Saudi Arabia has claimed it shot down a ballistic missile fired at its capital by rebels in Yemen.
The rocket was said to have been brought down near one of the kingdom's major international airports on the outskirts of Riyadh.
It is believed to have come over the southern border with Yemen and fired by Houthi rebels.
A Saudi-led coalition has been fighting a war with the Yemeni rebels since March 2015.
Yemen's civil war has killed more than 10,000 civilians so far, displaced three million others and pushed the Arab world's poorest country to the brink of famine.
A number of Yemeni media outlets claimed the rocket was fired from inside the country.
But Saudi Arabia said the missile, which was taken out by its air defence, caused minimal damage.
Flights were not disrupted from King Khalid International Airport.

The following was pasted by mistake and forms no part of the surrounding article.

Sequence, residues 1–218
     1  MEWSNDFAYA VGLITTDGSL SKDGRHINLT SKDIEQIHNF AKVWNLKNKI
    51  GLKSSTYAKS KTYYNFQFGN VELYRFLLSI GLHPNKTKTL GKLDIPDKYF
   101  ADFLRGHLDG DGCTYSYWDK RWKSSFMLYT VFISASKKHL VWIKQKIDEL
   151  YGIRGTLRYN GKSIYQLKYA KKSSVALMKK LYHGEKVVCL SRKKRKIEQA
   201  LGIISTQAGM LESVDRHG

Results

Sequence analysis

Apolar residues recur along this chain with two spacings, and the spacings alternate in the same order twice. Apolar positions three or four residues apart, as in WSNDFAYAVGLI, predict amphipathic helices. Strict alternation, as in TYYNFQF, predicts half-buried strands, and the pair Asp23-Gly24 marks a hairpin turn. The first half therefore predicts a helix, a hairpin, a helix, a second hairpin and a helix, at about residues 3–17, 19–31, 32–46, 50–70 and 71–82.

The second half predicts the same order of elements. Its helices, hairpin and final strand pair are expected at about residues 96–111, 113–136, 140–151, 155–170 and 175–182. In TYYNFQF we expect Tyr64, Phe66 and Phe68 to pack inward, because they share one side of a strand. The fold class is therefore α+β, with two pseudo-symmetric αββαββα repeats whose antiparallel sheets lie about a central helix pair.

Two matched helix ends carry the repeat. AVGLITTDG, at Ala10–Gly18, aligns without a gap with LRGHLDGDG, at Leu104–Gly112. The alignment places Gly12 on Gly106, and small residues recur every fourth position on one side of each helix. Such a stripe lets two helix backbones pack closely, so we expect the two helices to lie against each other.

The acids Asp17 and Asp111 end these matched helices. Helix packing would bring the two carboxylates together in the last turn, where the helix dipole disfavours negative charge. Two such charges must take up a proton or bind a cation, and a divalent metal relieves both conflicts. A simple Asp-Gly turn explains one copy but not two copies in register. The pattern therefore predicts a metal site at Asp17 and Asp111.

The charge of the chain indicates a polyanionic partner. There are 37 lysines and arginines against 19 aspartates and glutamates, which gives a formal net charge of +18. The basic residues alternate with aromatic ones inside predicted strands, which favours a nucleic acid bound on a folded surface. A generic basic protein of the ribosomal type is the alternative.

Despite its apparent lack of success, the missile is the first time Houthi rebels have come close to harming a heavily populated area in Saudi Arabia.
Riyadh is around 620 miles north of the border with its neighbour.
A Saudi military spokesman condemned the attack in a statement, saying the missile was fired "indiscriminately" toward a populated civilian area.
US president Donald Trump blamed Iran for the attack.
He said: "A shot was just taken by Iran, in my opinion, at Saudi Arabia. And our system (Patriot missile batteries purchased from US) knocked it down.
"That's how good we are. Nobody makes what we make and now we're selling it all over the world.
Saudi Arabia believes rival Iran trains and helps arm Houthi rebels.
Iran denies that it has provided material support, but acknowledges its political support of the Houthis.